The Eagleman Stag (2011)

How do you condense a lifetime into 9 minutes? By presenting it in an eerie white that transcends time and space.

The Eagleman Stag is about one man’s obsession over changing perceptions of time. For a young boy of only four or five, minutes can make a much weightier impression than they might for an 80 year old man. Interested in taxonomy, our central character finds a beetle that may hold the answers to the questions he has been searching for.

In a blanched world where the lines of writing and drawings are embossed on to the page and grass grows like scraps of paper, piles of memories are explored in an original and believable way. We begin with a fetus in the womb, which tells us “yes, this seems about right”. And what follows are magnified snapshots of childhood, small details that resonate in an older mind. It’s all about looking back in this film, at the moments you wish you had appreciated more, but which you never could because you didn’t know what they meant at the time. We can all relate to this pain, no matter what age we might be. A child turning in to their adolescence might reminisce over their blissful primary school days, just as an elderly man might look over his years and ponder “what did it all mean?”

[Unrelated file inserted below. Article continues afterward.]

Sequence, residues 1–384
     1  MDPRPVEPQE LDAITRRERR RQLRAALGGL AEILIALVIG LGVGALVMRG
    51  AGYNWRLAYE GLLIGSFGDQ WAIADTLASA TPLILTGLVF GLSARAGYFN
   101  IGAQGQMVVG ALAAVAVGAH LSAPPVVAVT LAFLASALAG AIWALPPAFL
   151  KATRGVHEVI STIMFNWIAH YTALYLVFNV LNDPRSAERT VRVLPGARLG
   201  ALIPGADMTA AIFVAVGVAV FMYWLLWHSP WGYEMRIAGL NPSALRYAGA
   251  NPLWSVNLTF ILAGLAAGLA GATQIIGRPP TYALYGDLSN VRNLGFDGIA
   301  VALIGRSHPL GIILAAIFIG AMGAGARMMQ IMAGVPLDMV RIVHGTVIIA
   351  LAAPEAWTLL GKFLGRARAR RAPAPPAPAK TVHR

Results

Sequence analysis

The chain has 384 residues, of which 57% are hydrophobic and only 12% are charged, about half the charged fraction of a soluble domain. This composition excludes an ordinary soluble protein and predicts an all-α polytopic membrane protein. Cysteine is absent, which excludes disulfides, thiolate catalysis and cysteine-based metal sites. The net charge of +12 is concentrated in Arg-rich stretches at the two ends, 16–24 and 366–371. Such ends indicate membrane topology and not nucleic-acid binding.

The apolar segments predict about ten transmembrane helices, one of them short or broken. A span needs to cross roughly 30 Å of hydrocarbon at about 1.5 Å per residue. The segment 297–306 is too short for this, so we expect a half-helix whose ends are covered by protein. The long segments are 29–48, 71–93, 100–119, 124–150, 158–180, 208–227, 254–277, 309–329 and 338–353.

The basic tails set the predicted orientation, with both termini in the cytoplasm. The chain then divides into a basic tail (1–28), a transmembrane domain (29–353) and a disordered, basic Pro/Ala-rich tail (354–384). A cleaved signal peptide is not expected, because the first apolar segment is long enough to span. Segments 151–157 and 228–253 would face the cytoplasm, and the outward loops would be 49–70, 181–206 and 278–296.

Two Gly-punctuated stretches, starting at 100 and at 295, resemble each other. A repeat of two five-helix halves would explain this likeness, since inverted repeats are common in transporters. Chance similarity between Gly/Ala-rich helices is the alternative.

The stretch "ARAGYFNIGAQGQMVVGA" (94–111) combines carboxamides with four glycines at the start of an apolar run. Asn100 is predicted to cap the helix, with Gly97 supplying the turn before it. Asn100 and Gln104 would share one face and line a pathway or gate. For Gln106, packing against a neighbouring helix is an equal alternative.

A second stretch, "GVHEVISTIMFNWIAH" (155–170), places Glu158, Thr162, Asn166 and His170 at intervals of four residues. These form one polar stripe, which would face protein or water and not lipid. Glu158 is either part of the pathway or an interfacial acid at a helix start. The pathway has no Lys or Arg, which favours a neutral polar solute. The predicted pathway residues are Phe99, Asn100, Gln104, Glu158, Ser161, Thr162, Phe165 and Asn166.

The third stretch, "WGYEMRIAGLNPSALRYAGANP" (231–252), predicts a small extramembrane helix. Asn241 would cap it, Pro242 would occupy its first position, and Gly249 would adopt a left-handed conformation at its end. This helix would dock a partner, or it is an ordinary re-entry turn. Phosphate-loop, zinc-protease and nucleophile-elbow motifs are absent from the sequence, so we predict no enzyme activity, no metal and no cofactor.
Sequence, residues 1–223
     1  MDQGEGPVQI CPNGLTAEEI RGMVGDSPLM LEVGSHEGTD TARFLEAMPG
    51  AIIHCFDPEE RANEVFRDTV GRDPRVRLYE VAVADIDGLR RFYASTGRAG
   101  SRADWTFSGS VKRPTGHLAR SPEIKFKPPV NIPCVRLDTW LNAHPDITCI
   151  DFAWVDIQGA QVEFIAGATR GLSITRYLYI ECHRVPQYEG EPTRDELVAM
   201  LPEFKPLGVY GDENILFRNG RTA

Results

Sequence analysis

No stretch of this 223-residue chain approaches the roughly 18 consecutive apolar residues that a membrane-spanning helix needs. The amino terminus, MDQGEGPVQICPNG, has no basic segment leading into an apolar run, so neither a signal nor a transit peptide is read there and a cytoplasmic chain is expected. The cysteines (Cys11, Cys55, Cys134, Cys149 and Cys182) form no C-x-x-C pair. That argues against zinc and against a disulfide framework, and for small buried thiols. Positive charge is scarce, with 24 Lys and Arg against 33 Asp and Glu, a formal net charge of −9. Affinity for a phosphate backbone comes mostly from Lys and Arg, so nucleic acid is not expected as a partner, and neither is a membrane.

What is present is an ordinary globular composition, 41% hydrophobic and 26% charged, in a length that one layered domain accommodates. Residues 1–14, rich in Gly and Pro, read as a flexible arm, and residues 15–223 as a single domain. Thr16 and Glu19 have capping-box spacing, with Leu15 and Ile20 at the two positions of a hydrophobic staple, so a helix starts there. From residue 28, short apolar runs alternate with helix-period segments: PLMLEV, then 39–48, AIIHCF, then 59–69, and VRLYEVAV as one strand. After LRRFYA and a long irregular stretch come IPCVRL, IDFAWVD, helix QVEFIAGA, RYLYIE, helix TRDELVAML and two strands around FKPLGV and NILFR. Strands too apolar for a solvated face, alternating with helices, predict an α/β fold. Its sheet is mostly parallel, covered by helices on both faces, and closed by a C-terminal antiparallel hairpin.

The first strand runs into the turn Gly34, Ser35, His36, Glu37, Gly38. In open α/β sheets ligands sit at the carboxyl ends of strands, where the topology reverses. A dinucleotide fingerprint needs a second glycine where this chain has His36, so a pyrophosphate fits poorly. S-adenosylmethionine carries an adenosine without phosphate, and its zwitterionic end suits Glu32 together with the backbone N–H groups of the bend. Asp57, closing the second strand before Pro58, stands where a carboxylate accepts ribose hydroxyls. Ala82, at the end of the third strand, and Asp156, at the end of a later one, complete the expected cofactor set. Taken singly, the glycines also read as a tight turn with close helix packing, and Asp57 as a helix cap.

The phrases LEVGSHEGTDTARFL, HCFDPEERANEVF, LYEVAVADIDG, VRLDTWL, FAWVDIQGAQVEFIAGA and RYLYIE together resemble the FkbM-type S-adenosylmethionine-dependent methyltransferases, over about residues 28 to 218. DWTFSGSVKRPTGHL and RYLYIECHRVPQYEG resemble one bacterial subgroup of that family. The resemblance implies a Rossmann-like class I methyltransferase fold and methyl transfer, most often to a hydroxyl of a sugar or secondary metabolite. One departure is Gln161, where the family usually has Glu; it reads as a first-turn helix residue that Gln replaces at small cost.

Ironically, the minutes fly by whilst watching this, and it feels less like 9 minutes and more like seconds as you’re drawn into a sped up world of fleeting images. Gorgeously animated with an intense detail that works to emphasize the messages of the film, The Eagleman Stag is a brilliant tribute to the confusing and unforgiving nature of life and time.

FINAL VERDICT: ★★★★

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